Vol.11, No.2, 2009, pp.109-126, doi:10.3970/cmc.2009.011.109
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ARTICLE
An Investigation into the Mechanical Behavior of Single-Walled Carbon Nanotubes under Uniaxial Tension Using Molecular Statics and Molecular Dynamics Simulations
  • Yeau-Ren Jeng1,Ping-Chi Tsai1,Guo-Zhe Huang1, I-Ling Chang1
1 Department of Mechanical Engineering, National Chung Cheng University, Chia-Yi 621, Taiwan
Abstract
This study performs a series of Molecular Dynamics (MD) and Molecular Statics (MS) simulations to investigate the mechanical properties of single-walled carbon nanotubes (SWCNTs) under a uniaxial tensile strain. The simulations focus specifically on the effects of the nanotube helicity, the nanotube diameter and the percentage of vacancy defects on the bond length, bond angle and tensile strength of zigzag and armchair SWCNTs. In this study, a good agreement is observed between the MD and MS simulation results for the stress-strain response of the SWCNTs in both the elastic and the plastic deformation regimes. The MS simulations reveal that in the plastic deformation regime, the tensile strength of the armchair and zigzag SWCNTs increases with an increasing wrapping angle. In addition, it is shown that the tensile strength reduces significantly at larger values of the nanotube diameter. Moreover, it is observed that the tensile strength of both SWCNTs reduces as the percentage of defects within the nanotube structure increases. Finally, it is found that the results obtained from the molecular statics method are relatively insensitive to instabilities in the atomic structure, particularly in the absence of thermal fluctuations, and are in good agreement with the predictions obtained from the molecular dynamics method.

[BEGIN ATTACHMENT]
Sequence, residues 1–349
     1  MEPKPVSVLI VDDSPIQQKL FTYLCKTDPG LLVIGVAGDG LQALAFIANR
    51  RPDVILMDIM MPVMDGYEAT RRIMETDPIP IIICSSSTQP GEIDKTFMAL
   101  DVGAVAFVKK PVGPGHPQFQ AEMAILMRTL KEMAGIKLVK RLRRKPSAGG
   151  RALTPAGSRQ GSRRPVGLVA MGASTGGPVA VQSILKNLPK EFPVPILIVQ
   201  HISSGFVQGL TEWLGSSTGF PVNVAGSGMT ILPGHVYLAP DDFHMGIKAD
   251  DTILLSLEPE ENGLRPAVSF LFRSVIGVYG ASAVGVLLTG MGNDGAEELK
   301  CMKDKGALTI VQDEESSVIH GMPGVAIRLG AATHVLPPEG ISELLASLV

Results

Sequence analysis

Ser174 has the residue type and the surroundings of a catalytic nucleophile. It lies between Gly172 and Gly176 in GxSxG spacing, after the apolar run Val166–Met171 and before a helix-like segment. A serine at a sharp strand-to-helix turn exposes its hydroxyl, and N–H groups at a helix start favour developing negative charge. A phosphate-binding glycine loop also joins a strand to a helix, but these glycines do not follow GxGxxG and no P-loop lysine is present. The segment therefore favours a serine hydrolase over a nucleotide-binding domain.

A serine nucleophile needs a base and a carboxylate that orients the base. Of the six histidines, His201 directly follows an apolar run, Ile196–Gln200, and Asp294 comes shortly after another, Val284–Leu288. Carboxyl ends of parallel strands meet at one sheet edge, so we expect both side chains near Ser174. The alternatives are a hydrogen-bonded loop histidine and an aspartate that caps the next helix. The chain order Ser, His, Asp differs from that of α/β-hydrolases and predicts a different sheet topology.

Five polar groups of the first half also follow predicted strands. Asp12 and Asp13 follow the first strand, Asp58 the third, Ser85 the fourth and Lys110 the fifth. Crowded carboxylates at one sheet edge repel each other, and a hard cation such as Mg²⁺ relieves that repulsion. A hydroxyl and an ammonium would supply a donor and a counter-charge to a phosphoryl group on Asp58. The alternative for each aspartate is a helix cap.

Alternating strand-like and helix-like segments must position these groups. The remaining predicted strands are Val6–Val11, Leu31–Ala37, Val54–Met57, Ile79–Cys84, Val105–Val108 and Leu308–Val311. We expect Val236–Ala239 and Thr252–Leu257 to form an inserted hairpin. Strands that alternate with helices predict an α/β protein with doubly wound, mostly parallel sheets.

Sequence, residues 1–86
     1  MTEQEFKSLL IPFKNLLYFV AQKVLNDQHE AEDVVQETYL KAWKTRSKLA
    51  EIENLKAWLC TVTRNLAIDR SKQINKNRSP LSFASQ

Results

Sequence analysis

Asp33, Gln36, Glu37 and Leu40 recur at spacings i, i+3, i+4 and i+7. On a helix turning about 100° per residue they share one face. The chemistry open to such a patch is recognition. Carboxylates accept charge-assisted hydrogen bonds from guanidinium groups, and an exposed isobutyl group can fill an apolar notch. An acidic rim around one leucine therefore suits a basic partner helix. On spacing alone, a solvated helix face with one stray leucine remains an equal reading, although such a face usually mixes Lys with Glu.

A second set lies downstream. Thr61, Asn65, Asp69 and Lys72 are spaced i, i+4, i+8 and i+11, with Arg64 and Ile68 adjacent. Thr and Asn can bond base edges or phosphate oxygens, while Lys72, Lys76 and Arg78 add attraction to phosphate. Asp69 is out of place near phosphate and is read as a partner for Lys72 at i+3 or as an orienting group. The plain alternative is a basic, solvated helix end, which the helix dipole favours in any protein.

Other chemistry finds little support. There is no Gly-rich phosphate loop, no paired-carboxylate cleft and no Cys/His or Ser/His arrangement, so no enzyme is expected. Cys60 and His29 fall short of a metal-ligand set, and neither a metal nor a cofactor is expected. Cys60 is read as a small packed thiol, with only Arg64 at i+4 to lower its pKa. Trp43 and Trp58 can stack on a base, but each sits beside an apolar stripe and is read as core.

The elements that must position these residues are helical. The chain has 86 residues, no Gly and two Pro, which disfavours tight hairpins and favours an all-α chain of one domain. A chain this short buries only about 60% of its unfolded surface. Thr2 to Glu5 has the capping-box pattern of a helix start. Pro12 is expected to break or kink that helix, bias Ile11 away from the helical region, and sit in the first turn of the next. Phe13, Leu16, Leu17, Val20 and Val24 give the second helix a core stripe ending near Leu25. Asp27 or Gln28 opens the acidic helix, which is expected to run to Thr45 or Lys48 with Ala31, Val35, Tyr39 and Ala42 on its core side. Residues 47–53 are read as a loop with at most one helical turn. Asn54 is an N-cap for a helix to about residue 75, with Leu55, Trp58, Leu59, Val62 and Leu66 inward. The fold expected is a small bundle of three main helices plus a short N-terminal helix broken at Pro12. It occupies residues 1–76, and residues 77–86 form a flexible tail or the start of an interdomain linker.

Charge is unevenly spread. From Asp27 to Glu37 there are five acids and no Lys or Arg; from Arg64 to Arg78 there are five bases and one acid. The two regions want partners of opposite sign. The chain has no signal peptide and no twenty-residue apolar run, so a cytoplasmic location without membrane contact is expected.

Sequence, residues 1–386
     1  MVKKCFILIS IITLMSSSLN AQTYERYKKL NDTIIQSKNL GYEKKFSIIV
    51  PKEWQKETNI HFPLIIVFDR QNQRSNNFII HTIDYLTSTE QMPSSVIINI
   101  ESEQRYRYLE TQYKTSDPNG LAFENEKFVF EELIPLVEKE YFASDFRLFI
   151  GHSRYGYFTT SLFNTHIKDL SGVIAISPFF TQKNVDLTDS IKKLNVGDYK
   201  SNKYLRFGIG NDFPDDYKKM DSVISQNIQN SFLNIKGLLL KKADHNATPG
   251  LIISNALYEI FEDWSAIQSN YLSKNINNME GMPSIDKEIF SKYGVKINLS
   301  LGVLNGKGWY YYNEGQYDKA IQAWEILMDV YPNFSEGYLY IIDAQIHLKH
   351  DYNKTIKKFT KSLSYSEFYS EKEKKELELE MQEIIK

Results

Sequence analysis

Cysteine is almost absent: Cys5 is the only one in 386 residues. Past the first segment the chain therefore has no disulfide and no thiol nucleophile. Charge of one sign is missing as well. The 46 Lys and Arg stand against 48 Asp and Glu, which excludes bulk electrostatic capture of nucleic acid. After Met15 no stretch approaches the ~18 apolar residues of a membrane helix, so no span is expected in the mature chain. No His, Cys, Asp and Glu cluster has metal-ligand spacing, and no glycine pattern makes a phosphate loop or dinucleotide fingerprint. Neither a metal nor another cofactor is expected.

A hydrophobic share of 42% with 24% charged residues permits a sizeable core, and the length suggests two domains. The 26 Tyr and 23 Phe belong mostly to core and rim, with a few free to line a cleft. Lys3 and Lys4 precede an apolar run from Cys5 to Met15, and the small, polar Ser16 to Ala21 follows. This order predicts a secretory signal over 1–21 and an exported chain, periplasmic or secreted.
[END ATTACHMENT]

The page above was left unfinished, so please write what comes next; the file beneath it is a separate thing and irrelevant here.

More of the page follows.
Keywords
Molecular statics, molecular dynamics, carbon nanotubes, mechanical properties, wrapping angle, vacancy percentage.
Cite This Article
. , "An investigation into the mechanical behavior of single-walled carbon nanotubes under uniaxial tension using molecular statics and molecular dynamics simulations," Computers, Materials & Continua, vol. 11, no.2, pp. 109–126, 2009.
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